VANCOUVER, Wash. (Aug. 13, 2014) — A tentative contract agreement covering Pacific Northwest grain terminals — and potentially ending the nearly 18-month lockout of grain workers by Mitsui-United Grain in Vancouver — was reached late Monday night by the International Longshore and Warehouse Union and area grain terminal operators.
The Federal Mediation and Conciliation Service first announced the deal early Tuesday morning, calling it “an amazing achievement:”
After engaging in difficult and contentious bargaining for over two years, including multiple marathon mediation sessions held under the auspices of the FMCS, the announcement of the tentative agreement, subject to the ratification of ILWU membership, represents an amazing achievement of a potentially positive outcome in a labor dispute that has gained national attention. The ILWU, with its recommendation, will submit the tentative agreement to its members for ratification.
“The membership of each local will review the tentative agreement and vote according to their internal rules, with results to be announced August 25,” the ILWU announced Tuesday afternoon. “Terms of the agreement will not be made public until members have a chance to review and vote on the tentative agreement which covers Mitsui-United Grain (UGC) in Vancouver, Marubeni-Columbia Grain in Portland, and Louis Dreyfus in Portland and Seattle.”
The union says “reduced picket lines” will remain at Mitsui-UGC while members vote on the agreement, but The Columbian reports today that Gov. Jay Inslee immediately ordered state grain inspectors to resume their work there and they entered the Vancouver facility on Tuesday for the first time since he withdrew their Washington State Patrol escorts last month.
The governor’s move and the threat that the Vancouver terminal would not be able to operate at full capacity with the looming grain harvest appeared to reignite contract talks in recent weeks. The withdrawal of taxpayer-funded escorts for grain inspectors was criticized by some conservative officials and newspapers, but it “rightfully put the state in a neutral position regarding this management dispute,” said Jeff Johnson, President of the Washington State Labor Council, AFL-CIO.
“I thank the Pacific Northwest Grain Companies and ILWU for coming back to the table in time to ensure export shipments will allow our growers to ship their world-class grain products in time for peak harvest,” Inslee said in a statement released Tuesday. “And I also want to acknowledge the ongoing professionalism of Agriculture Director Bud Hover and his state grain inspectors during these difficult times. Though this has been a challenging time for everyone involved, I’m proud of their hard work and commitment to serving our growers and supporting one of Washington’s top industries.”
State Sen. Curtis King (R-Yakima) told The Columbian that he, too, was pleased “cooler heads prevailed.”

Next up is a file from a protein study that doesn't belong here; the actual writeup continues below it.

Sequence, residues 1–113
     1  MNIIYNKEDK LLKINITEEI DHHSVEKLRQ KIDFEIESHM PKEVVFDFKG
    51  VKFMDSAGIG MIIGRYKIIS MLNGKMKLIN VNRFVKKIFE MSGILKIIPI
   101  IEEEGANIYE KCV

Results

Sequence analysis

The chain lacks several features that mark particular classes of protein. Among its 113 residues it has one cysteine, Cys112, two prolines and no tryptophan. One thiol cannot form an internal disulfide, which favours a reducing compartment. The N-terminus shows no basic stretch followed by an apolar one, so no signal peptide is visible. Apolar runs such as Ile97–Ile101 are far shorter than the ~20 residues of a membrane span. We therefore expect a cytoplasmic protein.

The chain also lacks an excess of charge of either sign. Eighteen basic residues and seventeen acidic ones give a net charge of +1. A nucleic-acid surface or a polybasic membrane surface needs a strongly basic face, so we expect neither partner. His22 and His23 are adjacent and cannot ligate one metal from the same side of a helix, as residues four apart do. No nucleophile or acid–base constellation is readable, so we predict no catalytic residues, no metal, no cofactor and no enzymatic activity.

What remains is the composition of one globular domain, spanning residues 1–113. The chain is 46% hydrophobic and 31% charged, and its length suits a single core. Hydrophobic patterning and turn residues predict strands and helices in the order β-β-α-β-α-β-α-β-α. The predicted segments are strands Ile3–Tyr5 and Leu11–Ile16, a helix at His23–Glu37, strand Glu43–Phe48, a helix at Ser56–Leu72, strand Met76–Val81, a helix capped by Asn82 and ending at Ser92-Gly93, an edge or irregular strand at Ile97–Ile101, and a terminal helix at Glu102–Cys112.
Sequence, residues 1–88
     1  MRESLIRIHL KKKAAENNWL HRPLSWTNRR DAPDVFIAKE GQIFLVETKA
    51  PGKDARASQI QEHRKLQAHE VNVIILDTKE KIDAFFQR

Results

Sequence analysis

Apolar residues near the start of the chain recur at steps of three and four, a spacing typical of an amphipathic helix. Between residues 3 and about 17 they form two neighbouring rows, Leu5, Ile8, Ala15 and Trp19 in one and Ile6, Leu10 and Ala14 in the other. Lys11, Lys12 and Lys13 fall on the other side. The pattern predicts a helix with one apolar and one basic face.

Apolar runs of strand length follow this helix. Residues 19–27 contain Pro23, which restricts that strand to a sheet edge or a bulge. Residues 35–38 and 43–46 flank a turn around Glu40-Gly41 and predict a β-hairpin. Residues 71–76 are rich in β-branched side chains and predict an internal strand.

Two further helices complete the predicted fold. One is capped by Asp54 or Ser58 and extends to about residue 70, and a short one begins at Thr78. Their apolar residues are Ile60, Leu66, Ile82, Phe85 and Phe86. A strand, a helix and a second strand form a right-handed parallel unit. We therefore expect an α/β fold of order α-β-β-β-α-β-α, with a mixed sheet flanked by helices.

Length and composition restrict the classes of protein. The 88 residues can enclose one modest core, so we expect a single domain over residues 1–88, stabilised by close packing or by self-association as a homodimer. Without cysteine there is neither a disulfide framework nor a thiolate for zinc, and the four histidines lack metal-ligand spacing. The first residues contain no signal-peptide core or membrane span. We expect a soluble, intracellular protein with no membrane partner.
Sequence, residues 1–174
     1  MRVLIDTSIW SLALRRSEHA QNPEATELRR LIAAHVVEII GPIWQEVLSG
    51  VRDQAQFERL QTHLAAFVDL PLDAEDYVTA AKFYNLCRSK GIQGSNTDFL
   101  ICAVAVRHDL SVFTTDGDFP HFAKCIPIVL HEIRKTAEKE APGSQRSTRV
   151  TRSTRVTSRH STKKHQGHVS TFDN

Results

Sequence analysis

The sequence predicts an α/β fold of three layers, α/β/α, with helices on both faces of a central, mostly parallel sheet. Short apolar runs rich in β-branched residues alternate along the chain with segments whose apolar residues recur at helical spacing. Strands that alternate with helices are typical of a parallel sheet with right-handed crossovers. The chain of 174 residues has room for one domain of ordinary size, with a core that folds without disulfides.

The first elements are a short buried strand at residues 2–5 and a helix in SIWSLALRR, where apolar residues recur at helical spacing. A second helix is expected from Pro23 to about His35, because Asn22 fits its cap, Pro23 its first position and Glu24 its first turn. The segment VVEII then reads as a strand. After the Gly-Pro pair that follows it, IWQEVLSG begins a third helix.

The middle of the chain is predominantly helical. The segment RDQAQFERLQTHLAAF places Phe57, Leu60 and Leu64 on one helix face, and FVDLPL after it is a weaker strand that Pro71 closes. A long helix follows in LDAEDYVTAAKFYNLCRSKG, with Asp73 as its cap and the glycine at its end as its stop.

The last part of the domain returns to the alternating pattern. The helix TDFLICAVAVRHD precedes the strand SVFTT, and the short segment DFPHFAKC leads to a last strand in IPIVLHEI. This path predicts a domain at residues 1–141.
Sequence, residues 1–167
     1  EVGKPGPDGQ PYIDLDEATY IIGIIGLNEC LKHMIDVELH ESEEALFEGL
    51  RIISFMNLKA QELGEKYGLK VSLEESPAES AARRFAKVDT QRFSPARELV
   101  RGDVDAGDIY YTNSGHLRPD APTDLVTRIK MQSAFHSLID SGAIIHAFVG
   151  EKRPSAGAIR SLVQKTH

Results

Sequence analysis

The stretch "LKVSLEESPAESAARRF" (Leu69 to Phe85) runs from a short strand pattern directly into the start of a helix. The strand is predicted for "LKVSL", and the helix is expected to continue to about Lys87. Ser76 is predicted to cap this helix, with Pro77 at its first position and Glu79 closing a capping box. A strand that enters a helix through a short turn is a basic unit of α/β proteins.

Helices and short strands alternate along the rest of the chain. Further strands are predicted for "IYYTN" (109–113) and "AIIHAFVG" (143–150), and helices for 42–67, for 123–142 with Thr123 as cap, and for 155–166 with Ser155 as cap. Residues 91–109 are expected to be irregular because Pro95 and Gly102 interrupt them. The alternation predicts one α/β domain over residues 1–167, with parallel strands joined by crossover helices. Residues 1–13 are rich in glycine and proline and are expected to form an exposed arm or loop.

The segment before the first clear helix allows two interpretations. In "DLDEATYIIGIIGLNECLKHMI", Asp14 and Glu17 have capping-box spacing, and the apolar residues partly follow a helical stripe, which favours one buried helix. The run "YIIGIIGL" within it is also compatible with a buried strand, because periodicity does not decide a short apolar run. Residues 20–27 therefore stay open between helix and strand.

The tentative agreement at Pacific Northwest grain terminals affects members of five ILWU local unions: Local 4 in Vancouver, Local 8 in Portland, Local 19 in Seattle, and Local 21 in Longview, and Local 92 in Portland.
Nearly 50 ILWU members in Vancouver have been lockout out of their jobs since Feb. 27, 2013. Mitsui-United Grain claimed it was initiating the lockout because an angry union employee “sabotaged” company equipment and it had security camera evidence. The union immediately claimed that the lockout was planned, that Mitsui had already solicited the services of replacement workers and tugboats, and the company had just been looking for an excuse to impose it.
County prosecutors never filed charges for the alleged “sabotage” due to lack of evidence, but the company insisted it happened and that it merited locking out all ILWU Local 4 members from their jobs for the nearly 18 months since.
► Also see, in today’s Columbian — Tentative agreement in NW grain terminal dispute — A bitter two-year labor dispute that engulfed everyone from Vancouver police and Washington’s governor to state and federal agriculture officials may have ended, as the ILWU and Northwest grain terminal operators have reached a tentative contract agreement.
► Also in today’s Columbian — Inslee, Leavitt, others praise tentative grain terminals-union deal — State grain inspectors entered United Grain Corp.’s Vancouver facility Tuesday afternoon for the first time since refusing to cross the picket lines out of fear for their safety. Gov. Jay Inslee, who had decided to no longer allow Washington State Patrol officers to escort grain inspectors through picket lines, said the prospect of a new contract was “outstanding news.” In pulling the escorts, the governor said it was clear after eight months of police presence, “keeping WSP escorts in place was not leading to productive negotiations, as intended.”